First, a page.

How to Kiss a Cowboy by Joanne Kennedy

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How To Kiss a Cowboy

Guest Post: The Pros and Cons of Bedding a Rodeo Rider by Joanne Kennedy


The folks here at Romance Junkies invited me to write about the pros and cons of getting involved with a rodeo rider. Now, this is a subject I know a lot about since my newest western romance, How to Kiss a Cowboy, features Brady Caine a bronc ridin’ cowboy. But when I sat down to write some ‘pros’ and ‘cons’ about these kinds of heroes, I had a bit of trouble because frankly, I couldn’t think of any ‘cons’ to getting involved with a roughstock rider! After all, these are my favorite kind of cowboy, and I see no reason not to get as involved as possible, long as you’re not married or dead.


So I decided to compare and contrast the three different types of rodeo riders, show the pros and cons of each, and help you make a decision next time you go cowboy shopping at your local rodeo.


I figured studying up on this topic would be a lot of fun, but then I remembered I am married, so I can’t do actual hands-on research. I had to rely on second-hand information in order to make my decision and order up my ideal cowboy in a purely hypothetical way. But it was still fun.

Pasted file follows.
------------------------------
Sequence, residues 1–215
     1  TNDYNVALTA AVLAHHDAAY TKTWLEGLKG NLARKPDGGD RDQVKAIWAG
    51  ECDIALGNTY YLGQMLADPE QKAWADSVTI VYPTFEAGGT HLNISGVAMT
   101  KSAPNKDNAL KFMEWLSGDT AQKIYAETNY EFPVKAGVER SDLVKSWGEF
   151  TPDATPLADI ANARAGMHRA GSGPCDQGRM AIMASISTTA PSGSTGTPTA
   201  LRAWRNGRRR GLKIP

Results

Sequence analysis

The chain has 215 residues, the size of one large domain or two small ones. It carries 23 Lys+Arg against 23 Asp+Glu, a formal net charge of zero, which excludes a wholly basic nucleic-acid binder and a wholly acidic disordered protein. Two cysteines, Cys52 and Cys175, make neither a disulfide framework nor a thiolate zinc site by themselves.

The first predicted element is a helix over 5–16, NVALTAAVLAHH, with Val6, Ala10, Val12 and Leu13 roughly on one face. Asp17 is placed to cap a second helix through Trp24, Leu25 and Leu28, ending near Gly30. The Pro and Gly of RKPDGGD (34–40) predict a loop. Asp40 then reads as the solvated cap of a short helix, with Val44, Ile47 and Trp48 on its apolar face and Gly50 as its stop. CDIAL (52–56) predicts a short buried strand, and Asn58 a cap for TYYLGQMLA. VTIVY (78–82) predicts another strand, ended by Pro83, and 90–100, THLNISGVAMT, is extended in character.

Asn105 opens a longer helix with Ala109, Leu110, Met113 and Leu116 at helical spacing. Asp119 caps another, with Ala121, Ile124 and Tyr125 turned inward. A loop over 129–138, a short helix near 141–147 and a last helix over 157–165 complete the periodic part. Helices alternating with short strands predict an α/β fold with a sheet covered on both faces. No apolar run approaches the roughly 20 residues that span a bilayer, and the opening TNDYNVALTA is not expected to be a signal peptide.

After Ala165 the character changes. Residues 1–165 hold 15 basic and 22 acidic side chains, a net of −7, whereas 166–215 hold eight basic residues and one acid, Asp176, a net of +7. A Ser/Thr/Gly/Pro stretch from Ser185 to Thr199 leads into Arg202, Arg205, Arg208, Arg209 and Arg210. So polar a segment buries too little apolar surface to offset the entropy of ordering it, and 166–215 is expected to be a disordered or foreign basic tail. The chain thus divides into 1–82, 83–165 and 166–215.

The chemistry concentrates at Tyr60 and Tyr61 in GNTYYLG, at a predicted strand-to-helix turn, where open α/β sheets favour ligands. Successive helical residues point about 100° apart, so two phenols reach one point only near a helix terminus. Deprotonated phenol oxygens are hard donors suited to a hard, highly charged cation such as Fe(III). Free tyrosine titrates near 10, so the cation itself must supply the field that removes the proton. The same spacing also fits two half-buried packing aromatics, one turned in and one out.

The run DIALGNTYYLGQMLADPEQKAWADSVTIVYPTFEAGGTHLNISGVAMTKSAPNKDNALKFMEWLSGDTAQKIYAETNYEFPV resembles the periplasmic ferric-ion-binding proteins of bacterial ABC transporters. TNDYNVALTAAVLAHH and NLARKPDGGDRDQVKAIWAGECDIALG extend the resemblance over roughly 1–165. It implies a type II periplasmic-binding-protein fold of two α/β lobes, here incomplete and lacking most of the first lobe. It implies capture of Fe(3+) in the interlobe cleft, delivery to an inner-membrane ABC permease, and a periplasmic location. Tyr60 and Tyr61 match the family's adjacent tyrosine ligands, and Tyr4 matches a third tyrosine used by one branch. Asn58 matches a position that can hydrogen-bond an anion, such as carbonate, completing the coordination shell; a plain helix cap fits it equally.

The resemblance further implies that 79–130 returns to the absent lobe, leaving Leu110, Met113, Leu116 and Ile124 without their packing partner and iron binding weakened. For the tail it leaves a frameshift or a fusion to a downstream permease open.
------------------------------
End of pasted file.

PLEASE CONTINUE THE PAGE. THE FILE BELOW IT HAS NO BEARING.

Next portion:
So let’s get started. There are Bareback Bronc Riders, Saddle Bronc Riders, and Bull Riders.


Bull Riders




While most rodeo events have some basis in everyday ranch work, nobody in the whole crazy history of the West, even on its wildest Wild West day, ever rode a bull for any practical reason.


So Bull Riding isn’t about technique. It was never about getting a job done. It isn’t about “breaking” or taming anything. It’s about excitement. Bull Riders are the kind of cowboys who say “watch this!” a lot, and you cover your eyes because you know whatever they’re about to do is going to be scary and a little stupid but you secretly peek through your fingers because it’s also going to be all kinds of awesome.




Trouble is, a lot of Bull Riders aren’t real ranch-raised cowboys. A lot of them are townies who went to bull riding school and found they had a talent for hanging on tight while a two-thousand pound animal tried to toss them into orbit. Because of the forces they have to endure during that eight-second ride, they tend to be short, stocky men, with lots of muscle. If that’s your taste, you want a bull rider, but I like my cowboys lean and lanky, so I’m moving on to the next category.


Bareback Bronc Riders


Note: Any readers new to rodeo need to understand that it’s not the cowboy whose back is bare in this event; it’s the horse. I wanted to get that straight right away, because I know how much romance readers love those shirtless cowboys, and that’s not what we’re talking about here. Okay, now that that’s clear, let’s look at our bareback riders.




Bareback cowboys practice the purest form of roughstock riding, where the rider has nothing but a rope to keep him on his horse. He has to react instantly to the horse’s every move, using his own body as a counterweight. That builds some incredible abdominal muscles, which is a big plus for all you shirtless-cowboy fans.